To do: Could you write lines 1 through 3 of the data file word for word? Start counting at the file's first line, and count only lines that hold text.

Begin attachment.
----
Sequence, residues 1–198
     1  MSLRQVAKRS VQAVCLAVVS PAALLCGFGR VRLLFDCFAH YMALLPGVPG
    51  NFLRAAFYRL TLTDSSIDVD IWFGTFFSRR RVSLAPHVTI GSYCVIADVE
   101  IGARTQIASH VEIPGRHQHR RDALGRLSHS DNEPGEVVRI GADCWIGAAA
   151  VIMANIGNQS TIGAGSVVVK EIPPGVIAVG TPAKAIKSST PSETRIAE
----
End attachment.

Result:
Sequence, residues 1–198
     1  MSLRQVAKRS VQAVCLAVVS PAALLCGFGR VRLLFDCFAH YMALLPGVPG
    51  NFLRAAFYRL TLTDSSIDVD IWFGTFFSRR RVSLAPHVTI GSYCVIADVE